She showed me an editing programme she was using to cut the film together that she was using to apply to the course. It was a whole new world to me in terms of transitions and effects, sound and visuals. I discovered we had a similar programme on our own computer. Gary went to work one morning and I think I sat at the computer all day playing with this new toy. By the time he got home I had made my Threadbare Bug movie and I was thrilled with myself.

I think I used every wipe, pan and fade-in that was available just through the sheer wonder of experimentation. I don’t think I’ll become a famous director anytime soon but I still love it because I had such a good time making it.

Gary studied animation in college and he contributed a couple of tiny creations of his own to bring it all together. The music is by the composer Claude Debussy and it is called Suite Begamasque Prelude. I think the twinkling notes sound like tiny insect feet scampering across the screen. I was also able to incorporate text into the film, so I used small excerpts from the pieces I wrote for the bugs to add that other dimension to the work.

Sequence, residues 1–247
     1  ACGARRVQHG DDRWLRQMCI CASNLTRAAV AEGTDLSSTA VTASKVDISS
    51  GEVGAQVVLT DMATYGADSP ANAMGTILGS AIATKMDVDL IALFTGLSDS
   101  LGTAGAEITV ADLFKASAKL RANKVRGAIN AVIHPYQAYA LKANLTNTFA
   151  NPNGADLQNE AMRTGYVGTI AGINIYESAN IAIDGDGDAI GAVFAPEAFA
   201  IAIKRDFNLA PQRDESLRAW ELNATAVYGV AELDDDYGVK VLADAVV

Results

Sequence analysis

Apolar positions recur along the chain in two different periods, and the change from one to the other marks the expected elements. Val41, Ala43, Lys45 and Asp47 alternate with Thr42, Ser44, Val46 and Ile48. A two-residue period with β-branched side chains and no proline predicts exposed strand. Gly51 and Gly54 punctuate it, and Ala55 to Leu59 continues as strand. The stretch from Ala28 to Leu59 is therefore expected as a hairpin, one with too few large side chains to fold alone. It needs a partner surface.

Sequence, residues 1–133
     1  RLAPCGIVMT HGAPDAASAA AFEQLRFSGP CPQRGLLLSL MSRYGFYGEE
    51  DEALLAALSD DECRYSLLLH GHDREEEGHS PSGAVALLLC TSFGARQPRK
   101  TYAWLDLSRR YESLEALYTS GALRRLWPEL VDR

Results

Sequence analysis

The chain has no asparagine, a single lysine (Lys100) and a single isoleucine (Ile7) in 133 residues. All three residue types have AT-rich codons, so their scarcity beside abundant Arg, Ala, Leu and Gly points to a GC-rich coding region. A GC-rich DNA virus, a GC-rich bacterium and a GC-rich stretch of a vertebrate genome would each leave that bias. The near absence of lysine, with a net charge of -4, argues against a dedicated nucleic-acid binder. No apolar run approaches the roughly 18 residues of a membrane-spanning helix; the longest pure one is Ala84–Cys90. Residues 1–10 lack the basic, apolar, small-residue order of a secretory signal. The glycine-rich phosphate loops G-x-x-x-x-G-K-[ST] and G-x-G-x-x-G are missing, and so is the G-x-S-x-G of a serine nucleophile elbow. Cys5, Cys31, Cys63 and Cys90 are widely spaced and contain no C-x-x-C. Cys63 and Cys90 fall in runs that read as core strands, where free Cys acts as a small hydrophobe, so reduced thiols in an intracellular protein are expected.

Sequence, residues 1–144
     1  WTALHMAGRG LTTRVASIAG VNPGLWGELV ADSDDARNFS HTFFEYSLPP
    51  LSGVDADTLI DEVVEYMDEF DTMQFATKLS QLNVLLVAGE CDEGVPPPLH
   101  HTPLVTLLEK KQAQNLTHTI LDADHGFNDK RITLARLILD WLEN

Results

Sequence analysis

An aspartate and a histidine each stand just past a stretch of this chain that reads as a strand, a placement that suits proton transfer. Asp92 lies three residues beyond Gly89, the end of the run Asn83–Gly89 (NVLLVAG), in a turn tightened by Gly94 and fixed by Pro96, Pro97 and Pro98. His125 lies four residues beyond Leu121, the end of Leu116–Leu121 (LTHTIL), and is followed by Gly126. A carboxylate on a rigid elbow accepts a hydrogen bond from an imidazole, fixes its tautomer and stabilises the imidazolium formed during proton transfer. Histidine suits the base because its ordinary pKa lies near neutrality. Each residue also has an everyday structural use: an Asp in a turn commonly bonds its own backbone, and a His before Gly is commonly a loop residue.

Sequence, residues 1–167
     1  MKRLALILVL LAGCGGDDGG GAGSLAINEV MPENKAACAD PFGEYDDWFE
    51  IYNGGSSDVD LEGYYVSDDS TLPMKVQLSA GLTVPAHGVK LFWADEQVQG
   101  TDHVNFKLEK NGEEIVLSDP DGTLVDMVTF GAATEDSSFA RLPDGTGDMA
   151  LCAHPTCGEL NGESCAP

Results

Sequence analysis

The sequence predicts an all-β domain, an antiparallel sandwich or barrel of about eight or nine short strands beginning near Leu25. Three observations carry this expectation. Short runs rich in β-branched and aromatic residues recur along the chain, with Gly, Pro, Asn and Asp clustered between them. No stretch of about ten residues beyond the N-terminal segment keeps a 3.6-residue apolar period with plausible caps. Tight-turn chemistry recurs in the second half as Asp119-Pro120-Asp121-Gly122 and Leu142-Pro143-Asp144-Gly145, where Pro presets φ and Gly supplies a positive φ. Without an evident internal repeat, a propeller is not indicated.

So if you have a few minutes (3.12 minutes to be exact) maybe you would like to have a look at my Threadbare Bug movie. I don’t think it is long enough to bother with popcorn but maybe a cup of tea would be nice.


video

Welcome to the New Millennium


 I am delighted to say that, over the weekend, I reached 1,000 views on this here blog. I am absolutely over the moon with my readership figures and I just wanted to say a huge THANK YOU to you all for looking, reading and liking my posts since I started. I really appreciate the support you have all shown and I hope you will continue to stop by here at Too Folk to be Cool.  


Thursday, 14 February 2013

A Lonesome Cowboy No More


Well, hello there cowboy. This is Obadiah. He was Gary’s Valentines Day present a couple of years ago. He was actually started to be his 30th birthday present but life was hectic and I didn't finish him in time. He received him on the following Valentines Day instead.